The Monarch Process: Refining Quality
While the roots of cement go back centuries, the modern method for making it has been refined and improved over the last century. At Monarch, we honor this time-honored process while holding ourselves to a higher standard of quality. We’re proud to use the latest in technology for smarter, more efficient results that are also better for the planet. That allows us to create a better product for our customers while always providing personal and nimble service.
The process begins with limestone. At our quarry, we begin by drilling holes, about 4-1/2 inches in diameter and 25 to 35 feet deep. These holes are loaded with explosives and blasted to create limestone pieces about 4 feet in diameter (also known as shot rock).
Loaders pick up the shot rock and dump it directly into the portable crusher, where it’s crushed to a diameter of 5 inches or less. Trucks then haul the crushed limestone to the stockpile at the plant. The stockpile consists of 40,000 to 60,000 tons of crushed limestone, the primary raw material in the cement manufacturing process.
Next, the limestone and other raw materials (shale) need to be crushed. Our 310-ton-per-hour roller mill uses waste heat from the kilns to dry the limestone and shale during the raw grinding process. Three 31-ton rolls are positioned vertically and tangent to the grinding table inside the mill. The weight of these rolls, plus an additional 1,500 PSI of hydraulic pressure, supply the needed force to pulverize the raw materials into kiln feed.
The final step is finish grinding. The Monarch finish milling system consists of five ball mills—large rotating cylinders containing steel balls. As the feed enters the mill, the balls continuously crush and grind the clinker and gypsum into a fine powder, a process known as comminution. This powder is sent to a classifier, where the coarser particles are returned to the mill for further grinding and the finer, more delicate particles are sent to a pneumatic pump and conveyed to storage silos.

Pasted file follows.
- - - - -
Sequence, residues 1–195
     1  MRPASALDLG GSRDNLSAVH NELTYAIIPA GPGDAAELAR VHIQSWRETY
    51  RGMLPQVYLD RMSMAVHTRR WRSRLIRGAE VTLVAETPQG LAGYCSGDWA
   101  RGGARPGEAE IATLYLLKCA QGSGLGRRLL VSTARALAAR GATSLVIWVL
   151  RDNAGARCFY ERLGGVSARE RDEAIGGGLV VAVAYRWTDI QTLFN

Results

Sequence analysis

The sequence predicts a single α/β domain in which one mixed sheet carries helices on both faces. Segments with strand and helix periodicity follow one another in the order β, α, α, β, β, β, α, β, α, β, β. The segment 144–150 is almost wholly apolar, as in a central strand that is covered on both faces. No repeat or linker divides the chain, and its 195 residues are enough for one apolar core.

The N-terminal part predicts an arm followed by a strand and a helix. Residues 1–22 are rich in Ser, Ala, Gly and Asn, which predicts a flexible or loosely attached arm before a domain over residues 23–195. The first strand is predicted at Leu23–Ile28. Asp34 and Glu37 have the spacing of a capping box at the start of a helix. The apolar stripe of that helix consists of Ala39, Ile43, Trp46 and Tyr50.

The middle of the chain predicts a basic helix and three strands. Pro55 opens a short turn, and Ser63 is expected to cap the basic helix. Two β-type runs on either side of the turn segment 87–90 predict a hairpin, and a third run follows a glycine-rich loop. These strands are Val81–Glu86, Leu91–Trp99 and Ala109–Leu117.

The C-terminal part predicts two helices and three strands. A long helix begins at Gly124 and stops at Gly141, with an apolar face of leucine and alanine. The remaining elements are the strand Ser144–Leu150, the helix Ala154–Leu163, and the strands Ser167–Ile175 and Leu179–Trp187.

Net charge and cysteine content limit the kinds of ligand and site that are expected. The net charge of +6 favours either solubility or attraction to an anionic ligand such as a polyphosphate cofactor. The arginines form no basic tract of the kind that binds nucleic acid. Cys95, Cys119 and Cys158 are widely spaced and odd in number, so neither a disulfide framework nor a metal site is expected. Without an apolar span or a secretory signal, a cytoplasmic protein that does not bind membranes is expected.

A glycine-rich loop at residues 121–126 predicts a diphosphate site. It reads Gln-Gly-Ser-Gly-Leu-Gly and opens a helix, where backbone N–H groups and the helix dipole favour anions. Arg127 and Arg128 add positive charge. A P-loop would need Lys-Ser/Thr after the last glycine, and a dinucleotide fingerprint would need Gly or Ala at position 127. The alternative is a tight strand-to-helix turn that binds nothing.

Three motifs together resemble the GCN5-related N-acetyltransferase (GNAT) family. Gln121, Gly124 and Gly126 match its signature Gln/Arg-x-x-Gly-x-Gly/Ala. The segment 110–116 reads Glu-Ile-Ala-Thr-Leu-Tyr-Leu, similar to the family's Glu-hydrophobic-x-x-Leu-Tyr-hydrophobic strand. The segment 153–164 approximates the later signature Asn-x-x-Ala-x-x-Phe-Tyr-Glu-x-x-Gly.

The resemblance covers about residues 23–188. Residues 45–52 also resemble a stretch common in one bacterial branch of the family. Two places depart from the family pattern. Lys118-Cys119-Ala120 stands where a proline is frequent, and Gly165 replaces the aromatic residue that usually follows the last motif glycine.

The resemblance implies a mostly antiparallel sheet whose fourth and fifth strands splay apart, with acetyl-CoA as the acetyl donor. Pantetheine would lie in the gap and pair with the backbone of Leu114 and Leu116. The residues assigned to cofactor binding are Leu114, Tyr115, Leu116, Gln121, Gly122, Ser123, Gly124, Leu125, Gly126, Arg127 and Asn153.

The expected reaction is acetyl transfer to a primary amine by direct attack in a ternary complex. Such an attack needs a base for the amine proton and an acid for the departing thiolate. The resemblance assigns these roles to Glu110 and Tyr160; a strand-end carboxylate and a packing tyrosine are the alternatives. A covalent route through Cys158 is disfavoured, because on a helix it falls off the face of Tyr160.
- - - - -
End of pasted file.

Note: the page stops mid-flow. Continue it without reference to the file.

Packing & Loading
Approximately 95 percent of Monarch cement is shipped in bulk trucks or rail hopper cars. An operator in a control room located between the scales selects the specified type of cement. The truck or rail car is then loaded and weighed on automated scales. It takes six to eight minutes to load a truck holding 25 to 28 tons, and about 30 minutes to load a rail car holding 100 tons.
The remaining cement produced is bagged on-site. The bags are filled in seconds, and are then automatically check-weighed, counted, and placed on pallets and automatically wrapped in plastic. The pallets are then loaded onto flatbed trucks for transport. More than 750,000 bags of Monarch Portland Cement and Monarch Masonry Cement are packaged each year.